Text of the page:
REVIEW: Goodnight Mr Tom, Barn Theatre, Southwick

Evacuees led by H Reeves as the vicar in Southwick Players' production of Goodnight Mr Tom. Picture: Miles Davies
Evacuees led by H Reeves as the vicar in Southwick Players' production of Goodnight Mr Tom. Picture: Miles Davies

Southwick Players chose a difficult play for this year’s Brighton and Hove Arts Council Drama Awards.

Goodnight Mister Tom is a moving story, written for the stage by David Wood and based on the novel by Michelle Magorian.

Louise Yeo as Mrs Beech with Henry Adams as William. Picture: Miles Davies

Louise Yeo as Mrs Beech with Henry Adams as William. Picture: Miles Davies

The television film adaptation with John Thaw in the lead role is well known and may explain the capacity audience for judging night at The Barn Theatre, Southwick, on Thursday.

The Players’ new president, Harry Atkinson, was their choice for the lead, Tom Oakley, a bitter and lonely old man whose life is changed by the arrival of evacuee William Beech.

His performance was declared ‘fabulous’ by Trevor Jones, judging the awards for the second year running.

Equally fabulous where the two 12-year-old Worthing lads, Henry Andrews as William and Thomas Scott as his new found friend Zach, both making their debut with the Players.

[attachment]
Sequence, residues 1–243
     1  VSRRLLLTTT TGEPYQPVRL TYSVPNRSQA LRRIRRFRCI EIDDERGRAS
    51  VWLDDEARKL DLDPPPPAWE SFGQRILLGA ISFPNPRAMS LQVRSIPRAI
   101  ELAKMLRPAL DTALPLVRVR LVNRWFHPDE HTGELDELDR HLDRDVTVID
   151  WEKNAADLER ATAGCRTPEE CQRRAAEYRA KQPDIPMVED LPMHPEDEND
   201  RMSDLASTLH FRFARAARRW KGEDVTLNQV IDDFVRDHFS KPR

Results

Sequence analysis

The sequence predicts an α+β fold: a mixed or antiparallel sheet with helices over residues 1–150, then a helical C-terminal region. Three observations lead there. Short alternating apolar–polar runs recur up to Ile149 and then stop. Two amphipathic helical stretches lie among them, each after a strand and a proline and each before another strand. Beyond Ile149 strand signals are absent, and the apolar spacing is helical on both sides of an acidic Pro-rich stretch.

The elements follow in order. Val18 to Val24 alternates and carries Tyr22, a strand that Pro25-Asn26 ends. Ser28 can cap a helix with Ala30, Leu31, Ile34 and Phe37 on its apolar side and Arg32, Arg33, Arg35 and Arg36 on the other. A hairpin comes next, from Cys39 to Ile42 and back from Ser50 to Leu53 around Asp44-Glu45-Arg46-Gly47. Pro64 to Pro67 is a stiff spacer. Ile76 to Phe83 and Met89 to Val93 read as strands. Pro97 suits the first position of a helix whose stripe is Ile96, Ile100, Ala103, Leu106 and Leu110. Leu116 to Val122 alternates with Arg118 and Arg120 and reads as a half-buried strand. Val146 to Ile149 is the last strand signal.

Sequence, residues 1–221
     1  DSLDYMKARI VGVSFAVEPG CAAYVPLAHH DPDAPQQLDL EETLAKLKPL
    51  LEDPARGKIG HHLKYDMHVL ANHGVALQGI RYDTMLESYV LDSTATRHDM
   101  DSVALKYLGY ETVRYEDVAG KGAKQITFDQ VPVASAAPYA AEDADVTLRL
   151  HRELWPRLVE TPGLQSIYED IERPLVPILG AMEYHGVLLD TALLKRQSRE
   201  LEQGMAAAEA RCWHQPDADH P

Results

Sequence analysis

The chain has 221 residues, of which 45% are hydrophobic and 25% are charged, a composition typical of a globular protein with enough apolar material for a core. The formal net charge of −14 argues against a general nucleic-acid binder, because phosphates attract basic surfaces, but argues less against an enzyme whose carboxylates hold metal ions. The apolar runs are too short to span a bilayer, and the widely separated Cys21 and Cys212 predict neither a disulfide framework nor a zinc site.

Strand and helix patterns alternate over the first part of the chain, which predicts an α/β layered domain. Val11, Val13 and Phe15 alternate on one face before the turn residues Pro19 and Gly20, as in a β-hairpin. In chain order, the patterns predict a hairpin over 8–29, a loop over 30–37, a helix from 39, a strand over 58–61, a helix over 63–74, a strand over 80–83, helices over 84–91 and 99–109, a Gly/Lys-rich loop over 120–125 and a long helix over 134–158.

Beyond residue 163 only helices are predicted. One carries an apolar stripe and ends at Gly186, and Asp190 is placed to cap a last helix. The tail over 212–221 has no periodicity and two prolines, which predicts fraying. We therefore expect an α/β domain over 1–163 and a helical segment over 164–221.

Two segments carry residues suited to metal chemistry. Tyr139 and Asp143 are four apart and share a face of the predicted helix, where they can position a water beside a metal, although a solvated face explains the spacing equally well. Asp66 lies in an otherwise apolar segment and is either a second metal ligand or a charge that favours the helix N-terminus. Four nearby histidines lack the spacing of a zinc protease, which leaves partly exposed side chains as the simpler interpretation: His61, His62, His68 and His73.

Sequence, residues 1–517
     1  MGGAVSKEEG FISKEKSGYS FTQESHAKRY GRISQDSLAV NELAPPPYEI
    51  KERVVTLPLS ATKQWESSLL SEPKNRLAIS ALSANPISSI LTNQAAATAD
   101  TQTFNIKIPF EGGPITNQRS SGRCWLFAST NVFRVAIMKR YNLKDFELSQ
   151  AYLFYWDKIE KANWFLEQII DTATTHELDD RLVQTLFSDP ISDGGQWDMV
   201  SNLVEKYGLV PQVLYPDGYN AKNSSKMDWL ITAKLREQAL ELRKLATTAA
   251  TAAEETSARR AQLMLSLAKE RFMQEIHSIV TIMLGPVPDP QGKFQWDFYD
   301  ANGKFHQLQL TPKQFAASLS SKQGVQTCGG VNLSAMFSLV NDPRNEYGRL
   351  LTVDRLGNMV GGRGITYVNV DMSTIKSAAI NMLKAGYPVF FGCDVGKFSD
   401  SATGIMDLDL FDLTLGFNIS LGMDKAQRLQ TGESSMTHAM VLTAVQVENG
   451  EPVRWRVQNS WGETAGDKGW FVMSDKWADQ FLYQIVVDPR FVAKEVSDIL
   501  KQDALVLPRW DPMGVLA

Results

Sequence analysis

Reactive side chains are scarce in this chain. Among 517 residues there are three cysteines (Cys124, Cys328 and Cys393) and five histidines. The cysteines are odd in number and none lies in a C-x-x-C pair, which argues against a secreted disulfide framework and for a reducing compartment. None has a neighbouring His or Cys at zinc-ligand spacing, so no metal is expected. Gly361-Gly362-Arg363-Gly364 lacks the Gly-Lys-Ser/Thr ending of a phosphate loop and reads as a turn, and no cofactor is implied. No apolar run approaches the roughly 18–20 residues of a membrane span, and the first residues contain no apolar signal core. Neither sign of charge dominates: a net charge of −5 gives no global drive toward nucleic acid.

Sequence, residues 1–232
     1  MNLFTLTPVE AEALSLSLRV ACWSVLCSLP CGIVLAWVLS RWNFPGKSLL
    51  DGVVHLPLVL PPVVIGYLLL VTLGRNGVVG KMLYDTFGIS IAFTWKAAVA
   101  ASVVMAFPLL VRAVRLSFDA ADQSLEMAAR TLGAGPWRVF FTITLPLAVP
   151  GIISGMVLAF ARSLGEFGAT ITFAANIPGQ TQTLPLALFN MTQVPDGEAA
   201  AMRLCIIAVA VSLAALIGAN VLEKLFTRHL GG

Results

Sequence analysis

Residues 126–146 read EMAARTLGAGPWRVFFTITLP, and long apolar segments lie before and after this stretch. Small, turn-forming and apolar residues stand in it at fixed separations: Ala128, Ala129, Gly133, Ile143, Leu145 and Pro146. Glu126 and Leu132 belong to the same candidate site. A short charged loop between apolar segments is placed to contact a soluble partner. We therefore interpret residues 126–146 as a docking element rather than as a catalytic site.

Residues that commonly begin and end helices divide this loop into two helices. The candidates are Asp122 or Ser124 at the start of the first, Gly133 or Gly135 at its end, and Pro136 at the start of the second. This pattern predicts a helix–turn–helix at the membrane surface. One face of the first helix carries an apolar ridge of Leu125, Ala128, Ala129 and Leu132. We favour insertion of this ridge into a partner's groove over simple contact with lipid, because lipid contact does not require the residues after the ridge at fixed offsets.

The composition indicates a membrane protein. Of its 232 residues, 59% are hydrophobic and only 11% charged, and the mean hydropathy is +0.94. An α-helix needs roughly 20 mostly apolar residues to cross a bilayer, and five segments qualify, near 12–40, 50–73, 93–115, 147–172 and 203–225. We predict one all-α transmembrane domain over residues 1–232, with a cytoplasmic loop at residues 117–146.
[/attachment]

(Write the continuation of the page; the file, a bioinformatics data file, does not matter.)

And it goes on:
Henry gave a very moving performance as the shy evacuee who has been tormented by his mother and Thomas was brilliant as the exuberant Zach.

Louise Yeo told Trevor afterwards that she had found the role of Mrs Beech difficult, as it involved beating a child, but she give a brilliant portrayal of William’s cruel yet disturbed parent.

There were, indeed, excellent performances throughout the cast, from the facial contortionist H Reeves, who slipped easily between each of his three roles, and the sweet-voiced Sharon Churchill, who was recognised for her moving song in the air raid shelter, to the children playing the evacuees, taken from London to Dorset.

There were few problems with the performances, in fact, but there were some issues with the set and the scene changes, which Trevor picked up on.

Director Ron Common chose to have the cast moving the props, which must have put extra strain on them in a play that has so many different scenes. This would have been fine, I think, but having made that decision, it seemed odd to keep dimming the lights for the set changes.

A final word must go to Sammy, the dog, with Jenny Burtenshaw as puppeteer. It was the star of the show, it seemed, getting the largest applause and the greatest of praise from Trevor.

There is no doubt Jenny did her job well, giving Sammy real character, but I found it omnipresent, detracting from the main action, and the fact it was greeted with huge hilarity just did not ring right.